On a Freud Quote
When does introspection cross the line into self-absorption?
Posted August 28, 2016
Freud said, “Being entirely honest with oneself is a good exercise.”
Sure, a come-to-Jesus meeting with yourself is more likely than is advice from others to finally get you to look hard for a better job, lose that belly fat, stop doing drugs, meet Mr/Ms Right or divorce Mr/Ms Used-to-be Right.
But “being entirely honest with yourself” can require a time-consuming peeling of your onion's layers, a self-psychoanalysis, to finally get to The Truth. Such navel-gazing risks your becoming, as Vivian Gornick wrote, “whining and complaining, with the self-hatred and self-justification that make the analysand a bore to all the world but the analyst.”
Freud was ranked the 20th century's #1 psychotherapist. So one would think that if anyone would grow greatly from becoming "entirely honest with themselves," it would be Freud's patients, who typically worked with him for years. Yet Freud himself wrote, "When it comes to taking it (neurosis) away from patients, they will defend it like a lioness her young.”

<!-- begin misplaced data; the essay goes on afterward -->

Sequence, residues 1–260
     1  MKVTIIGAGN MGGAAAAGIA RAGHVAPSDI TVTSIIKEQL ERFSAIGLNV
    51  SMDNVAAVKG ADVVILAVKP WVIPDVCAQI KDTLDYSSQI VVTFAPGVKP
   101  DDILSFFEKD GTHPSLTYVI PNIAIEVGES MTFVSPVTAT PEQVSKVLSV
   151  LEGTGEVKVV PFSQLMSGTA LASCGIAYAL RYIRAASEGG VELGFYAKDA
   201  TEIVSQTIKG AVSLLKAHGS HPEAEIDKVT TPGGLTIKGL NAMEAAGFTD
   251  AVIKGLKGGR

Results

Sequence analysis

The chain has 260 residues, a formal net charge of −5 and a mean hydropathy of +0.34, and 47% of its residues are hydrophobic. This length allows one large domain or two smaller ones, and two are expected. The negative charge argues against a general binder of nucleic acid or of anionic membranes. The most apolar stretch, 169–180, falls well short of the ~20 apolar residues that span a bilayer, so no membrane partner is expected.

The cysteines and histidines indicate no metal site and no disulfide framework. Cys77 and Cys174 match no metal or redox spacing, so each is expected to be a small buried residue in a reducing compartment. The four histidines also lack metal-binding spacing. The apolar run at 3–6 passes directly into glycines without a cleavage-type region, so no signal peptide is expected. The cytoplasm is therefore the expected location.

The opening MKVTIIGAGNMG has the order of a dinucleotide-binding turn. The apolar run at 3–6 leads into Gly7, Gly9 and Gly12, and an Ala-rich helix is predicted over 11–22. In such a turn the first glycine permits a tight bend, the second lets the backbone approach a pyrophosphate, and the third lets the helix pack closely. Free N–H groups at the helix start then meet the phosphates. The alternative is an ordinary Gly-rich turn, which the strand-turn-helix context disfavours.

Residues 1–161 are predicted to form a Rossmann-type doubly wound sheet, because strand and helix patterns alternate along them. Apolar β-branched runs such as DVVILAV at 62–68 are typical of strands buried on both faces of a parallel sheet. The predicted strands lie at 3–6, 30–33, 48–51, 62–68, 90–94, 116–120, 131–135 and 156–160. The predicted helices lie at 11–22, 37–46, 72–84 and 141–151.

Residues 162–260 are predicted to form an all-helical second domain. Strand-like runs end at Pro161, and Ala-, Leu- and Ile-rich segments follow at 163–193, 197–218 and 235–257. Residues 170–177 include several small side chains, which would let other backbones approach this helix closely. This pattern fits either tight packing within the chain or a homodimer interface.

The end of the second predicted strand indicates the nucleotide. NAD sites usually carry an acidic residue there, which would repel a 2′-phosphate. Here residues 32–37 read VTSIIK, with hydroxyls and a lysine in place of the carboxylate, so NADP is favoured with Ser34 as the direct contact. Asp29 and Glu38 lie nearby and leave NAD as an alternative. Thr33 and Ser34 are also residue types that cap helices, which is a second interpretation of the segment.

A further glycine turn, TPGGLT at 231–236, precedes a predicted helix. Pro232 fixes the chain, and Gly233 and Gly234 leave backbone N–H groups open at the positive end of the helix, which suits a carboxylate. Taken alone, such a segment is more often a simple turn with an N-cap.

All the effort to be “entirely honest with oneself” is more likely, not only to metastasize people's tendency to self-absorption but to force them to confront likely immutables: that they'll continue their substance abuse, won’t ever land let alone keep a better job, not lose the belly fat let alone keep it off, or that they're too flawed to attract a better romantic partner than the frogs they've already kissed.
Lastly, all the time and energy on protracted introspection could more constructively be focused outward: on how you can make the biggest difference: at work, in relationships, in donating time and money, and yes, in random acts of kindness.
“Being entirely honest with oneself is a good exercise?” Beyond brief gut checks on whether you’re being your best self, it may be wiser to be The Queen of Denial.
Marty Nemko’s bio is in Wikipedia. His newest book, his 8th, is The Best of Marty Nemko.